Now he is looking beyond the hard work to the future. His eight-year-old daughter is an accomplished swimmer and he hopes “one day she wins an Olympic medal for the United States.”

He also looks beyond Charlottesville to the large number of refugees around the world who have not been as fortunate as he has.

“I am lucky I am here, but they are not,” he says sadly. “I feel sorry about them. I’d like to help them with something if I can.” (VOA)

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Judge Order Government Find Separated Children at US-Mexico Border

U.S. government had started implementing its policy of separating families months before it was announced “a very significant event.

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FILE - Christian, from Honduras, recounts his separation from his child at the border during a news conference at the Annunciation House,in El Paso, Texas, June 25, 2018. VOA

A U.S. judge Thursday appeared open to ordering the government to find potentially thousands of additional children separated from their parents at the U.S.-Mexico border by the Trump administration, which could greatly expand the scope of a lawsuit challenging the separations.

U.S. District Judge Dana Sabraw in San Diego called a January report by an internal government watchdog that found the U.S. government had started implementing its policy of separating families months before it was announced “a very significant event.”

The Office of Inspector General at the U.S. Department of Health and Human Services (HHS) said in a report published earlier this year that the agency had identified many more children in addition to the 2,737 included as part of the class action lawsuit challenging family separations brought by the American Civil Liberties Union (ACLU) last year.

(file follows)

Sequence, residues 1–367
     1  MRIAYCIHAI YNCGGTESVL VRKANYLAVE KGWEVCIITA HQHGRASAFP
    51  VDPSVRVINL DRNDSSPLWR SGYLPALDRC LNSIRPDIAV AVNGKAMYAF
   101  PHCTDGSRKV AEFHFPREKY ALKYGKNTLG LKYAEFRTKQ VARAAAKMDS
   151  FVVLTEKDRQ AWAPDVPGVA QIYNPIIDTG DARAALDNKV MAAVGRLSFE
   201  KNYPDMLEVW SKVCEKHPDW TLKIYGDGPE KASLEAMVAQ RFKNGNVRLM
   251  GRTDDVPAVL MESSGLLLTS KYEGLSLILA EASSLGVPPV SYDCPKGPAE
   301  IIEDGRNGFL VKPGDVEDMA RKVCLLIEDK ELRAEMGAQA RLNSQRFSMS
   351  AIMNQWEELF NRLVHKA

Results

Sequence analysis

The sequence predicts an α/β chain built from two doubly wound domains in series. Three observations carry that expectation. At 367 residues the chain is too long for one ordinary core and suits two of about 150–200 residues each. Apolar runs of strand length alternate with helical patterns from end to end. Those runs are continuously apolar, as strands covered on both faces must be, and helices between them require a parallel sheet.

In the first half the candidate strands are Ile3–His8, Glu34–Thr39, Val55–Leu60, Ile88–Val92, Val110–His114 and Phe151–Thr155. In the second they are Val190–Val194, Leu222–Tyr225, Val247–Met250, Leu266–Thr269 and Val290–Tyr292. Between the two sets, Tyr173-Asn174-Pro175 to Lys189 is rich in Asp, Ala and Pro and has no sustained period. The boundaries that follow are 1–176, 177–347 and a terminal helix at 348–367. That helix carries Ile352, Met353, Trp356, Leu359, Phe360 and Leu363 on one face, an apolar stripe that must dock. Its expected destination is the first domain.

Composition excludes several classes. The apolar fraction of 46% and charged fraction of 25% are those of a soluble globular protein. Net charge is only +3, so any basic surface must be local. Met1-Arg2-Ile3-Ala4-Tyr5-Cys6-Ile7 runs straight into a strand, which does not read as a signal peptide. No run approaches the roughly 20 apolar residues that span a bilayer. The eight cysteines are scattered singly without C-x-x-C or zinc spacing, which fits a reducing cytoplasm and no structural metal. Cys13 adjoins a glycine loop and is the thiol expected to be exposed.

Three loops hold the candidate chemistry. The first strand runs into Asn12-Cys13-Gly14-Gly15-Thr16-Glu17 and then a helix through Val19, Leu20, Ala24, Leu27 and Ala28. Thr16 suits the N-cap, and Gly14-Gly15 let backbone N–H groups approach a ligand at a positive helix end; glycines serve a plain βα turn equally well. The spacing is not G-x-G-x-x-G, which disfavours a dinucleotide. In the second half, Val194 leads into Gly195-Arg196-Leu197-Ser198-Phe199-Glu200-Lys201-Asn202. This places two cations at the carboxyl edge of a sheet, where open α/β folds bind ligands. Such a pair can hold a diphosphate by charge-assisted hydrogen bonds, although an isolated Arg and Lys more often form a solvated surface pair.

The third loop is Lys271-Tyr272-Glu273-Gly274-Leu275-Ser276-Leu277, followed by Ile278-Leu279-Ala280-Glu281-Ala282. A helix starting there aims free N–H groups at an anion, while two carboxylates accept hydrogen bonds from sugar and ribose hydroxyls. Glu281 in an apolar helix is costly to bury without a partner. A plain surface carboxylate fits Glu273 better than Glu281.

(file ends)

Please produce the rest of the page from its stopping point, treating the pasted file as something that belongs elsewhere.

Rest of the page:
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Judge Dana Sabraw in San Diego, July 17, 2018. Sabraw, who ordered children be reunited with their families after being separated at the US-Mexico border, may order the government to expand the scope of the reunifications. VOA

ACLU wants all families reunited

In response to the lawsuit, Sabraw ordered the families identified through a court process to be reunited with their children.

The ACLU has petitioned the judge to expand the class to force the government to do a full accounting of any additional separated children.

The premise of the class action lawsuit, Sabraw said, was the “overarching allegation of the unlawful separation” of families by the Trump administration.

“When there’s an allegation of wrong on this scale, one of the most fundamental obligations of law is to determine the scope of the wrong,” he said. “It is important to recognize we are talking about human beings.”

The administration of President Donald Trump implemented a “zero tolerance” policy to criminally prosecute and jail all illegal border crossers, even those traveling with their children, leading to a wave of separations last year. The policy sparked outrage when it became public, and the backlash led Trump to sign an executive order reversing course June 20, 2018.

In light of the Inspector General’s findings, as well as investigative reporting, Sabraw said, the current June 26, 2018, cut-off date for cases to be part of the lawsuit becomes “very arbitrary.”

‘Other galaxy of a task’

Department of Justice attorney Scott Stewart argued that the ACLU’s request to expand the class would blow the case into an “other galaxy of a task.” The government has argued in court papers that it is too labor intensive to find children who were separated and subsequently released to sponsors before the court order last year.

While most of the outrage last year focused on the Trump administration’s zero tolerance policy, the government has continued to separate families on a smaller scale.

ALSO READ: Trump’s Idea to Siphon Money for Border Wall Meets Resistance

In a filing Wednesday, the government said it had separated 245 children at the border between June 26, 2018, and Feb. 5, 2019. The government said 92 percent of these children were separated because of “parent criminality, prosecution, gang affiliation, or other law enforcement purpose.”

Advocates say there is little transparency about the criteria and evidence used to justify ongoing separations. (VOA)